When carpet-bagging fractivists came to Colorado they knew the agenda they were advocating would end up costing the towns that listened to them a lot of money. Well the time has come for those towns to start paying the piper, and fractivists are nowhere around to help.
In the year since they have enacted their ban in 2012 Longmont has spent over $83,000 fighting a lawsuit fractivists knew would come from the ban they were advocating. Now, in a new story from the Daily Camera, the city of Lafayette has started on the same path.
…Lafayette City Attorney David Williamson said Tuesday it was in the city’s best interest to follow the precedent set by Longmont and Fort Collins and retain special counsel for the upcoming legal battle.
“Longmont gave special counsel to deal with their lawsuit, as did Fort Collins,” Williamson said. “I believe that getting special counsel on in this particular case would be prudent.”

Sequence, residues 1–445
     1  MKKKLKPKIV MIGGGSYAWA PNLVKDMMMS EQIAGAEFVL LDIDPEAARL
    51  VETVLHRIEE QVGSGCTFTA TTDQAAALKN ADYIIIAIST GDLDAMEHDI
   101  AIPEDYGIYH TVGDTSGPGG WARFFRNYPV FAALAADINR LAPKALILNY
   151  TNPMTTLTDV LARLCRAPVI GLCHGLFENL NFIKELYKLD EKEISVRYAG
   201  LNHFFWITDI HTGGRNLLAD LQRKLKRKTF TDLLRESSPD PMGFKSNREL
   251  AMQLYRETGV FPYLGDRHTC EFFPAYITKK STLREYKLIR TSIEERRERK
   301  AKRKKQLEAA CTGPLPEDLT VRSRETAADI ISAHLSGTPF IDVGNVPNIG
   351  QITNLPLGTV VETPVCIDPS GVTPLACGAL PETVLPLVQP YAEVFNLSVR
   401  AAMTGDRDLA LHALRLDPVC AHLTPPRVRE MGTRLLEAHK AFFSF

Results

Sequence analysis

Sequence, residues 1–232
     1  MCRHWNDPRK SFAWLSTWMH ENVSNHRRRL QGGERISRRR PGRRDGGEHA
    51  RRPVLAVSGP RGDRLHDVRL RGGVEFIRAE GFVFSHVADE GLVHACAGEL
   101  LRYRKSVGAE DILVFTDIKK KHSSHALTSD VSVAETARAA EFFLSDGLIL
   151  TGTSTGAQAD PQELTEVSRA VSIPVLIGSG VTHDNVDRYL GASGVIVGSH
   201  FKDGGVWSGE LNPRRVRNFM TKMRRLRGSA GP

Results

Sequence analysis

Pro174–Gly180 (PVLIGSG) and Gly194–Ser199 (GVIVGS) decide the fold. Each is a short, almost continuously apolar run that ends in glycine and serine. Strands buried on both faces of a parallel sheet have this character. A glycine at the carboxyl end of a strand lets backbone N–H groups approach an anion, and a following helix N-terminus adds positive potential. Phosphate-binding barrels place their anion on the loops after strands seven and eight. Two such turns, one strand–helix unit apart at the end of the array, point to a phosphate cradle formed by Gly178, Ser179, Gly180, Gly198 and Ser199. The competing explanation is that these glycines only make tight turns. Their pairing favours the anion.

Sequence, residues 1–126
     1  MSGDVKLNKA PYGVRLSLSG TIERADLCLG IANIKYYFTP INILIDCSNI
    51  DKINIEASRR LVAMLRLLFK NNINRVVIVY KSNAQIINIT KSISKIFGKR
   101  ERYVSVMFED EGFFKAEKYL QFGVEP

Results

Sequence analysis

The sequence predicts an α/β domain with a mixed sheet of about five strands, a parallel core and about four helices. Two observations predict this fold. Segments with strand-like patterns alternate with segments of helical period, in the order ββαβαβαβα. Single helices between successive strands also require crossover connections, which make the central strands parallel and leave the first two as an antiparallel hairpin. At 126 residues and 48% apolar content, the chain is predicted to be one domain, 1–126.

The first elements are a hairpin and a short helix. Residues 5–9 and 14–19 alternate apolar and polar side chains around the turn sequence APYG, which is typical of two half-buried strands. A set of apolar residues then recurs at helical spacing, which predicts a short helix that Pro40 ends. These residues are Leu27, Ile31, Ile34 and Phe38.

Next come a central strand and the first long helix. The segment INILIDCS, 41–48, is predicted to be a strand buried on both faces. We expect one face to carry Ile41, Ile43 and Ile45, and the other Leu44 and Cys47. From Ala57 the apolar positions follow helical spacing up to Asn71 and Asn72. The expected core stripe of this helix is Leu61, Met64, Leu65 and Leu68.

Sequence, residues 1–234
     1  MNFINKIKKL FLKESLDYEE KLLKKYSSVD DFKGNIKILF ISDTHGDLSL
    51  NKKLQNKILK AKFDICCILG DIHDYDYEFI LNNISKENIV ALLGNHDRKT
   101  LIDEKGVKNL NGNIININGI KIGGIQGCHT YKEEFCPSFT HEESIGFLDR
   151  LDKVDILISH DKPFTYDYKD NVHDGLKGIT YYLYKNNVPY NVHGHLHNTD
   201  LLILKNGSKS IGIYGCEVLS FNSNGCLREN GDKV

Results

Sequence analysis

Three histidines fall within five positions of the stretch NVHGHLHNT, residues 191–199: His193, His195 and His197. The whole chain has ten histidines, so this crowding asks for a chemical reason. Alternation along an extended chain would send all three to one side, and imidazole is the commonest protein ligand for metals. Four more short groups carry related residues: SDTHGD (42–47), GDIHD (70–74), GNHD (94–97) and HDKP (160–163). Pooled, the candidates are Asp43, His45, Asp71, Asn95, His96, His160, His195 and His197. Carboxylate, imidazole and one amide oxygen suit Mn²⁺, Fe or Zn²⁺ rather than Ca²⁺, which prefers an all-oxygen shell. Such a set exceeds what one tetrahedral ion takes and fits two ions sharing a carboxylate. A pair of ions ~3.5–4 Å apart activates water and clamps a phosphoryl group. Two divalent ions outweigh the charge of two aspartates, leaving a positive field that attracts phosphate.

Prudent, but not cheap.
While certain school boards around the state are suffering all sorts of grief from their desire to retain special counsel, nary a word has been put out against the city council of Lafayette, though a host of conflicting interests reign there.
[City Councilwoman Merrily] Mazza was the registered agent for East Boulder County United — the citizen group that drafted Question 300 and got it on the ballot. Since her election to council she has resigned her position with EBCU.
Mazza also is the mother of Cliff Willmeng, the leader of EBCU. Questions arose Tuesday regarding that relationship, particularly considering a recent indication from EBCU that it may petition the courts for intervention in the Colorado Oil and Gas Association’s case against the city.
So first you are part of an outside group that advocates for a measure that you know is illegal. Then, once you are on the city council you vote in favor of retaining special counsel on the city’s behalf to fight for the very law you know they would be sued for.
To put the nail in the coffin the fractivists were all too willing to toss the city of Lafayette in, the money for the special counsel will have to come directly out of the city’s coffers. Money that could have been spent on roads and other needs of Lafayette citizens, will now go directly into lawyers’ pockets toward a legal battle carpet-bagging Pennsylvanians are just using as a pawn in their larger state-wide amendment scheme.